Summary: ESOcast is a video podcast series dedicated to bringing you the latest news and research from ESO – Astronomy made on planet Earth. Here we explore the Universe's ultimate frontier with our host Doctor J, a.k.a. Dr. Joe Liske.
Not a single confirmed planet outside the Solar System had been detected before the year 1990. But, remarkably, we now know of thousands and have studied many in surprising detail.
ESO’s La Silla Observatory on a moonless night, deep in the Atacama Desert of Chile. It should be very dark -- but strange green and red colours can be seen to shimmer in the sky. What are these mysterious glows? And why do they seem to be getting more frequent? Find out more in this episode.
Images from ESO’s Very Large Telescope and the NASA/ESA Hubble Space Telescope have revealed unique and totally unexpected structures in the dusty disc around the star AU Microscopii. These fast-moving wave-like dust features are unlike anything ever observed, or even predicted, before now.
ESO telescopes are being used to search for the subtle signs of magnetic fields in other stars and even to map out the star spots on their surfaces. This information is beginning to reveal how and why so many stars, including our own Sun, are magnetic, and what the implications might be for life on Earth and elsewhere in the Universe.
ESOcast 75: ESO’s Top 10 Discoveries
ESOcast 74 looks at ESO’s pair of survey telescopes at Paranal: the Visible and Infrared Survey Telescope for Astronomy (VISTA) and the VLT Survey Telescope (VST).
ESOcast 73 looks at the "Your ESO Pictures" Flickr group, where amateurs and professionals alike contribute their photos related to ESO.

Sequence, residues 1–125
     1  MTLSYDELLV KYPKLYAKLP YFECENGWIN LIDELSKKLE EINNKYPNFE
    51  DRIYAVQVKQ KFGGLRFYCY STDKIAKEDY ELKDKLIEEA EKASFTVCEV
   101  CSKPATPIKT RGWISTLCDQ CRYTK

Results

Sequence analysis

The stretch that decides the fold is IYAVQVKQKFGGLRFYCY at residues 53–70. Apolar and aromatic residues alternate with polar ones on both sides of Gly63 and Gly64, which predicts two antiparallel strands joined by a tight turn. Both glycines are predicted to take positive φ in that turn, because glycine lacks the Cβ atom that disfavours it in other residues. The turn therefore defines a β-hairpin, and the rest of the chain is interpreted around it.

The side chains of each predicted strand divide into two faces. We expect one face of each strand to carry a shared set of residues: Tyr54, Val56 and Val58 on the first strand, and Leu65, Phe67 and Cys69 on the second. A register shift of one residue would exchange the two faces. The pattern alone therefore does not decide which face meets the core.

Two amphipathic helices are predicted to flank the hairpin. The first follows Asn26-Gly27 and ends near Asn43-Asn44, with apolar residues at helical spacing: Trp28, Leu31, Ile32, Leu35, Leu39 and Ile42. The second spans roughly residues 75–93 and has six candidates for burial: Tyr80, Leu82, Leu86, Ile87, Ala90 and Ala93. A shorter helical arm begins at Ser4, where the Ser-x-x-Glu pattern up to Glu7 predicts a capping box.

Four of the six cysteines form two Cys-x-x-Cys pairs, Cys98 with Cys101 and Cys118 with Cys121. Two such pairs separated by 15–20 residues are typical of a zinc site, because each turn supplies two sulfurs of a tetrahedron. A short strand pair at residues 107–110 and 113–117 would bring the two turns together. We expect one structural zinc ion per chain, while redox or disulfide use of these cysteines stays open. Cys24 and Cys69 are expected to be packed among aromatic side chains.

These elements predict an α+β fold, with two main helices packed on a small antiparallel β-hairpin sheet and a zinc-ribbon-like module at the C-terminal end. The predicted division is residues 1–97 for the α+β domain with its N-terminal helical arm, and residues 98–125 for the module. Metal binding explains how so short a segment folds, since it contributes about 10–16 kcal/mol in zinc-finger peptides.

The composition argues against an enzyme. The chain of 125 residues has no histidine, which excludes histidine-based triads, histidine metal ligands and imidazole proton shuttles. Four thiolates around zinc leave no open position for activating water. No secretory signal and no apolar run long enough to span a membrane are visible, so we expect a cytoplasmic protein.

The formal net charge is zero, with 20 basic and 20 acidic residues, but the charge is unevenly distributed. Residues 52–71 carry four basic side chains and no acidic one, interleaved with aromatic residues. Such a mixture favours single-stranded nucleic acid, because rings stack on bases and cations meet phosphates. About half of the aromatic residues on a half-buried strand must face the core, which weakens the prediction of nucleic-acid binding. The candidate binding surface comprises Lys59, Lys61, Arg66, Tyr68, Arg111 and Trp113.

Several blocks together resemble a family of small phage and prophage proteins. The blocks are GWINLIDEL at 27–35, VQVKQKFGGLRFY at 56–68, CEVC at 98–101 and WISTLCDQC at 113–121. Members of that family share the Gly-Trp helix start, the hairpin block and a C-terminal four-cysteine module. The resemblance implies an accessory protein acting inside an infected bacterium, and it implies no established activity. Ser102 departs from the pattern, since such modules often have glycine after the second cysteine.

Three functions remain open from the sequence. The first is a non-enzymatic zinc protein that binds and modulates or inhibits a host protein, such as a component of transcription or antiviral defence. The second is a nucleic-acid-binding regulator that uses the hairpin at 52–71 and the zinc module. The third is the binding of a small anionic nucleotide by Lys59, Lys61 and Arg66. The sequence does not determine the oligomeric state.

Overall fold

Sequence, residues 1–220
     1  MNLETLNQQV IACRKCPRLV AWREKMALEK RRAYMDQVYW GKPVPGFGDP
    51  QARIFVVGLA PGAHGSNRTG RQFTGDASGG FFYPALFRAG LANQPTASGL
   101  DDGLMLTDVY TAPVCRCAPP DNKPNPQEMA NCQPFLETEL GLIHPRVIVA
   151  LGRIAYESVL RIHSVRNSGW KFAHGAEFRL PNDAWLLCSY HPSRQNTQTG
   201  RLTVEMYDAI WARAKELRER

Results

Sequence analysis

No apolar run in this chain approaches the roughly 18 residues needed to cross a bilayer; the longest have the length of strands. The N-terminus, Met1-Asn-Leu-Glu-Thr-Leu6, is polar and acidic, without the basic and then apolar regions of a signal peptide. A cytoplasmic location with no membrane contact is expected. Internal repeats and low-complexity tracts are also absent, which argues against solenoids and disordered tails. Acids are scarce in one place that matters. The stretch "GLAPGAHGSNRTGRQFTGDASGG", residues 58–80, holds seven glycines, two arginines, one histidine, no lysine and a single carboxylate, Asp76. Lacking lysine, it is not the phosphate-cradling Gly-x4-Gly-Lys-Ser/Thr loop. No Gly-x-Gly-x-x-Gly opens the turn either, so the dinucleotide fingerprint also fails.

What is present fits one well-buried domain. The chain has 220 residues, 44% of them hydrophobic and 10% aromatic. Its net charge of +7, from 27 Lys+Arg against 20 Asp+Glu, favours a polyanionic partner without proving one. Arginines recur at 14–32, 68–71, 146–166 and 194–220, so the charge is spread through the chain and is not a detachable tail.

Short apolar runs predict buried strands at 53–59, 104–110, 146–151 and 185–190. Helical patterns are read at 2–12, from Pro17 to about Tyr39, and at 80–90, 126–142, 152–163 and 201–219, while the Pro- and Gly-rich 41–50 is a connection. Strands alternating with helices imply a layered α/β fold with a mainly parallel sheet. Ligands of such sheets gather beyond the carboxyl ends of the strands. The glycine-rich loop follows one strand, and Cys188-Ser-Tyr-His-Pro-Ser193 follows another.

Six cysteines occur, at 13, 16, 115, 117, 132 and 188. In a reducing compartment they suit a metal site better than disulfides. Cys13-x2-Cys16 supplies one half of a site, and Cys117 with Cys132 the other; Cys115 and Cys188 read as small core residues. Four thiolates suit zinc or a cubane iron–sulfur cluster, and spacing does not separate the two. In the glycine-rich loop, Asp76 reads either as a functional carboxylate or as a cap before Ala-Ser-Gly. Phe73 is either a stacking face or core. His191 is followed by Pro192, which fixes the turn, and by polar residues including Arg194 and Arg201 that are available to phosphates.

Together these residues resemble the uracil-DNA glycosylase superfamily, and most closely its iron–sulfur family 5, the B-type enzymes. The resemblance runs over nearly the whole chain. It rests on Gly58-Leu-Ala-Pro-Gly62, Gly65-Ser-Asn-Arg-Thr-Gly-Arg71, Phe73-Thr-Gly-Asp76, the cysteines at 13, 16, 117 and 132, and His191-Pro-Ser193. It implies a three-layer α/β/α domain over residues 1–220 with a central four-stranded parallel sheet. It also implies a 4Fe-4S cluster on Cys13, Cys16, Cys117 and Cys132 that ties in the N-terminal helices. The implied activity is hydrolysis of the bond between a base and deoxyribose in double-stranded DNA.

The MUSE instrument on ESO’s Very Large Telescope has given astronomers the best ever three-dimensional view of the deep Universe. After staring at the Hubble Deep Field South region for a total of 27 hours the new observations reveal the distances, motions and other properties of far more galaxies than ever before in this tiny piece of the sky. But they also go beyond Hubble and reveal many previously unseen objects.
This ESOcast takes a close look at an unusual new group of small telescopes that has recently achieved first light at ESO’s Paranal Observatory in northern Chile.
The European Extremely Large Telescope, or E-ELT for short, will be by far the largest optical and near-infrared telescope in the world. In early December 2014 the ESO Council gave the go-ahead for the first construction phase of the telescope.
ESOcast 69 presents the result of the latest ALMA observations, which reveal extraordinarily fine detail that has never been seen before in the planet-forming disc around the young star HL Tauri.
On 11 October 2014 the ESO Headquarters in Garching, Germany, once more opened their doors to the public. Some 3 300 people used this special opportunity of the Open House Day to visit the centre of the world's foremost astronomical organisation.
This new ESOcast features six specialists in different areas who work at ESO in Germany and in Chile. Get to know the work they do at ESO, but also learn about interesting hobbies they pursue in their free time and how these hobbies may be connected to their work.
On 19 June 2014, a major milestone on the road to the construction of the European Extremely Large Telescope was reached. Part of the 3000-metre peak of Cerro Armazones was blasted away as a step towards levelling the summit. This paves the way for the largest optical/infrared telescope in the world.
In the Spring of 2014, a team of ESO Photo ambassadors embarked on a pioneering expedition to ESO's three observatories in Chile. Their mission was to capture a wide range of images and time-lapses of the magnificent Chilean night sky and landscape in crisp Ultra High Definition. Join our heroes in their adventures in the arid Atacama Desert as they bring our Universe closer than ever before.